Sunday, June 3, 2012

BIG’s Blog: Think About This!

Recently, I watched an interview on Charlie Rose with Larry Page, founder and CEO of Google.

I know a lot of my blog readers in nonprofit fundraising struggle with the concept of’ “How do I get people on the Web to become donors?” And that QUESTION either paralyzes them or gets them taking baby steps on the Web, such as building a new website or putting up a Facebook page.

I understand your question… really, I do. But if you are going to “sit tight” with your current plan and mode of fundraising while you “wait” for clarity to come or “take baby steps,” then very soon there is going to be a huge price to pay.

Sergey Brin and Larry Page are the two co-founders of Google. They are arguably two of the smartest people on the planet. Below are two quotes from Larry Page from the Charlie Rose interview that you have to read and internalize if you think you can “sit tight” and wait for clarity.

“Everybody in the world is going to have a mobile device hooked to the Internet.”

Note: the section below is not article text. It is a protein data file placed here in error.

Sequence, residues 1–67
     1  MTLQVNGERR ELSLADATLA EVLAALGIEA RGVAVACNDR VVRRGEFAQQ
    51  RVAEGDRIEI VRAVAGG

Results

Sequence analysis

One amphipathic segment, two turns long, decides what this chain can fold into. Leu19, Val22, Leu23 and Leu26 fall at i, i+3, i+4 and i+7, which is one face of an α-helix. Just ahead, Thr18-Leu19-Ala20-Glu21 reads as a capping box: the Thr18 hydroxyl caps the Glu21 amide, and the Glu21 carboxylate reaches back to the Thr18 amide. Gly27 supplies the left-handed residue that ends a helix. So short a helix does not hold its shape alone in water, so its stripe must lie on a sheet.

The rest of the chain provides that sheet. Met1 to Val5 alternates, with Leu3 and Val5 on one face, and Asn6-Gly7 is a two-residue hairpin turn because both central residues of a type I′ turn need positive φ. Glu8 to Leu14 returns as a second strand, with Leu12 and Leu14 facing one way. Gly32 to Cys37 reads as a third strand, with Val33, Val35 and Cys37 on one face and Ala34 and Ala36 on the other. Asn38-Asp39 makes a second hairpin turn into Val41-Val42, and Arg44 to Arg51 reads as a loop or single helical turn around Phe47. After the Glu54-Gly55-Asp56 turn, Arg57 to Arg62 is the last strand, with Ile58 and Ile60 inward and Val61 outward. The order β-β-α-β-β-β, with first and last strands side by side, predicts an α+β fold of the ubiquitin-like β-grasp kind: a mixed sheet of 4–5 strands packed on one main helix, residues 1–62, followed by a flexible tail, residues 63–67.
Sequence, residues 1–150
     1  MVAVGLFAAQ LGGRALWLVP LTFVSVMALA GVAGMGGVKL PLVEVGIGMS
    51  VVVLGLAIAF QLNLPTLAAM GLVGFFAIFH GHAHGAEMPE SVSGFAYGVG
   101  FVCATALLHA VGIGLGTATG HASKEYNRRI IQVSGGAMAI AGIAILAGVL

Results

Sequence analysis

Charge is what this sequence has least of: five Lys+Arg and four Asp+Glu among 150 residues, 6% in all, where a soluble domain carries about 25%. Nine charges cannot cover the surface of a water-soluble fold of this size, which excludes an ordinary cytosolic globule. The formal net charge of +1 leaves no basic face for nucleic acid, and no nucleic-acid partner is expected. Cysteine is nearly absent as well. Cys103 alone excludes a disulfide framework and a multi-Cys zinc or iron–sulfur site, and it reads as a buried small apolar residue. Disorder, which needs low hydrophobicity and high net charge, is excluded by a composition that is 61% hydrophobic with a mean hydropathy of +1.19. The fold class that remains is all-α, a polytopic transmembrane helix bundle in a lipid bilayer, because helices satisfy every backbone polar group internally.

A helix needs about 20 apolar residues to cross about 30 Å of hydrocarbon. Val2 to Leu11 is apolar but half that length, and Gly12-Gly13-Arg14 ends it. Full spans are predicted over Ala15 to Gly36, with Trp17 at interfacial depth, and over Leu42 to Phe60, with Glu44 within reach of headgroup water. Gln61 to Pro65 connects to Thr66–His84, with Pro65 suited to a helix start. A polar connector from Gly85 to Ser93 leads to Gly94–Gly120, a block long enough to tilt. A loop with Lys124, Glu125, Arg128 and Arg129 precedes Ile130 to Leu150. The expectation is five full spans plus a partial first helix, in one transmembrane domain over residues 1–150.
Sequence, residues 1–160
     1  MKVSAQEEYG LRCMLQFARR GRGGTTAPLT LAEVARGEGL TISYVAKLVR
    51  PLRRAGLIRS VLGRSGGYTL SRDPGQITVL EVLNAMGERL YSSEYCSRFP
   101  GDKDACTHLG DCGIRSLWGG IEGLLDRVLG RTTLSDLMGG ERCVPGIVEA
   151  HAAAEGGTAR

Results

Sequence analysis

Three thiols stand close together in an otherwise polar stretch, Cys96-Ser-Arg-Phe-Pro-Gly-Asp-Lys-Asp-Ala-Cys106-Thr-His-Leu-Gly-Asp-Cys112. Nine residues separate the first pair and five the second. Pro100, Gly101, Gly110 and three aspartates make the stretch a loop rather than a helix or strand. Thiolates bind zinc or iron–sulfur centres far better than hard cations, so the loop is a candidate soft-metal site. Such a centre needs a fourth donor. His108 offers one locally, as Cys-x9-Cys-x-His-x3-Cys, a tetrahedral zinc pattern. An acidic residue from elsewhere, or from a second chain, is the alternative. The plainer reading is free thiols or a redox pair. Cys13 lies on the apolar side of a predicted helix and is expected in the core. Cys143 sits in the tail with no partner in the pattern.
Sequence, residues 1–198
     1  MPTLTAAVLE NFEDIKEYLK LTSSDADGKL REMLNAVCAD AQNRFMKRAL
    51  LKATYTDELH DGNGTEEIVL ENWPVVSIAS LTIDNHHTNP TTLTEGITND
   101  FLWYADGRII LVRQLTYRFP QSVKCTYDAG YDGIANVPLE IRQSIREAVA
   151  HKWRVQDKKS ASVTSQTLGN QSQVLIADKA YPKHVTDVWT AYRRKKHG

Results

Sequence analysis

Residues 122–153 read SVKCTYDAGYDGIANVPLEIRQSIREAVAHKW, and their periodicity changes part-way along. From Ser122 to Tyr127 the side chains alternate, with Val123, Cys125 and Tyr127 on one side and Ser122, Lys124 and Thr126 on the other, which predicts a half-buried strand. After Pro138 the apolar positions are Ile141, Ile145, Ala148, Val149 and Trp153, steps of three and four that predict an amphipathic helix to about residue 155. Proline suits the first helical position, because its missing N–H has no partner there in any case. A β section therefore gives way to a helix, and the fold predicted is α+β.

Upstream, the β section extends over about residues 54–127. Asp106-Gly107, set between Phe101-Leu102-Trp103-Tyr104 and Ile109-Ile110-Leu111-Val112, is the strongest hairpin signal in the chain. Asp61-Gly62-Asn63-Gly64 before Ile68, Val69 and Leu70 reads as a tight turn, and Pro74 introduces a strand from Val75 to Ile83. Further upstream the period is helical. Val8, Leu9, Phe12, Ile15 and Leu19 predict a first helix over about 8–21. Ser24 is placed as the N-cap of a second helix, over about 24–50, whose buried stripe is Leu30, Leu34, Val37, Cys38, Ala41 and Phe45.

“The pace of change is changing. It is getting much faster.”

Do you see how those two quotes are interrelated?

Remember when we had to go to the library to the reference section to look up stuff?  Now that happens on Google in seconds. And we can take information and study, analyze, or crunch it right at our computer with programs that are either on the computer or running in the cloud. The point is we do everything quicker.

That means that people are already going to the Internet to “check you out.” What will they see? Are you ready to engage them in conversation? Answer questions? What if they call after 5 pm in the afternoon?

Does your mode of fundraising still look the way it did 40 years ago? Okay, so you’ve added PCs, but the functions are still the same, aren’t they?

What’s your plan for speeding up changing your organization to keep up with all those connected people?

In 1997 Google didn’t exist. That’s right, a mere 15 years ago, Google as a company did not exist. Then they changed the world.

But here is the real deal: everyday, your organization’s work and mission is CHANGING THE WORLD. And that “change” may be more important to one person than all the technological changes that Google has ever made.

But, if your organization’s financial oxygen dries up because your historically successful fundraising program doesn’t develop a “new plan” to take advantage of the online, real-time, always-on Internet. . .


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